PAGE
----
Miramare: Palace by the sea

The U.S. Army used Miramare Castle as its headquarters for monitoring the international city of Trieste following World War II. This plaque, placed by the Veterans of Foreign Wars and 88th Infantry Division veterans, is one of the few reminders of the seven years that American troops were based there.


Italian palace has a long history of military ties

By KENT HARRIS | STARS AND STRIPES Published: August 4, 2009

They call it a castle. But most Americans who visit the former home of Ferdinand Maximilian — briefly emperor of Mexico — probably would say it more closely resembles a palace.

After all, it was built — from 1855 to 1860 — more as a place of luxury for one of the members of the most dominant families in Europe than as a fortress. So don’t expect to see knights in shining armor, dungeons or burning oil.

Miramare does have a history of ties with military types, though. That started with its founder, Ferdinand Maximilian, a member of the Hapsburg family. His older brother, Franz Josef, was emperor of the Austro-Hungarian empire. His nephew, Franz Ferdinand, was assassinated by a Serbian separatist — touching off World War I. But Ferdinand Maximilian had been dead for decades by then.

Maximilian served as a viceroy for the Austrian empire in Milan during a period when the empire was losing its grip on parts of Italy. Dismissed from that post, he moved east to Trieste, which was the empire’s prime port. He decided to have the castle built on a strip of land that juts out into the Adriatic Sea, a few kilometers west of Trieste. Maximilian loved the sea and was a commander of the empire’s navy. Several of the rooms in the castle are constructed to resemble the interiors of ships from that era.

Maximilian spent only about four years in Miramare, though, before accepting an offer to become emperor of Mexico. His reign lasted only a few years and he was shot to death by a firing squad in 1867.

Miramare had a number of owners after that. Notable among them was Amedeo, the duke of Aosta. His family lived in the palace in the 1930s. He was a commander in the Italian air force and later viceroy of Ethiopia. Like Maximilian, he died far from home after becoming a prisoner of war in World War II.

German forces occupied Miramare during the war. After the area was liberated, the U.S. Army made the palace its headquarters for its peacekeeping efforts in Trieste, whose status was disputed following the war. A plaque outside the palace is about all that’s left to mark the seven years that Americans were based there.

Since then, Miramare has been open to the public. Several rooms were refurbished to resemble how they might have appeared during the days of Maximilian or Amedeo. The palace sits in a large park area where visitors can take shaded walks around numerous varieties of trees and plants or visit exhibits of tropical birds and a small aquarium. The park is essentially bordered by the SS14 motorway and the Adriatric. And there are plenty of spots surrounding it where tourists sunbathe. Sometimes partially clothed.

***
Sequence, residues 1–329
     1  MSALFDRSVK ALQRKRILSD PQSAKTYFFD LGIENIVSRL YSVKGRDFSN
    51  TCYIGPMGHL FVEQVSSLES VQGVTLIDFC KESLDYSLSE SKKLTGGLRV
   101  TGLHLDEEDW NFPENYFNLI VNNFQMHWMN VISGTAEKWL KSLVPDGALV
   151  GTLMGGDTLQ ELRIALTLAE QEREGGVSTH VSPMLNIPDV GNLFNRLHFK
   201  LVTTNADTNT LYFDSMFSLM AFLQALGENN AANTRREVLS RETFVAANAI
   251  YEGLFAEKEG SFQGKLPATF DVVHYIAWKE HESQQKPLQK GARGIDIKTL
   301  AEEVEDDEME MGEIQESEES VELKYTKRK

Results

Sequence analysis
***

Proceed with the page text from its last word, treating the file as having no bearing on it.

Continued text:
So a day trip to Miramare could easily include some history, some nature walking and some time getting a tan — possibly what Maximilian envisioned for himself when he had the place built all those years ago.



On the QT

Miramare is less than an hour’s drive from Aviano, a few kilometers west of Trieste in northeastern Italy. From Aviano, take the A28 to the A4 and head toward Trieste. Take an immediate exit after the toll booth (watching carefully for traffic) and head toward Trieste on the SS-14. Miramare is about 15 kilometers from the A4. Parking can be an issue at this time of year. The best bet might be to find a spot along the SS-14 and walk the equivalent of a few blocks past the sunbathers to the park entrance.

The castle is open 9 a.m. to 7 p.m. daily. The park is open 8 a.m. to 7 p.m. daily from April to September and closes an hour or two earlier the rest of the year. Parco Tropicale, which features tropical birds and butterflies, is open 10 a.m. to 6 p.m. March through October and closes two hours earlier the rest of the year. The visitors center is open 9 a.m. to 12:30 p.m. and 2:30-6:30 p.m. April through September. It closes at 5 p.m. the rest of the year and is also closed Mondays and Thursdays.

Admission to the park is free. It costs 4 euros for adults to enter the castle (with cheaper prices for older and younger European Union citizens). Parco Tropicale charges 6.50 euros for adults, 5 euros for students and 3.50 euros for children. Those taking the A4 from Portogruaro to the toll booth will pay 4 euros each way. The parking lot, which is often full this time of year, charges 1 euro for one hour, 3.40 for three hours and 3 euros for each hour after that.

Caffe Massimiliano in the park serves sandwiches (4 euros), pizza by the slice (3.60 euros), bottled water (70 euro cents), sodas and snacks. There are a few restaurants right outside the park and scores mixed among the hotels along the SS-14.

There’s information online in English at www.castello-miramare.it. Phone: 0402-24143. E-mail: info@castello-miramare.it. There’s a tourist office at the entrance to the park, but it’s geared for the Friuli-Venezia Giulia region and not the castle. There’s an information window inside the castle and more information at the visitors center to the northwest of the castle. Taking photographs is not allowed inside the castle.

This sea bird has its own private view of the Miramare Castle via a rock that rises up out of the Adriatic Sea a short distance from the castle.

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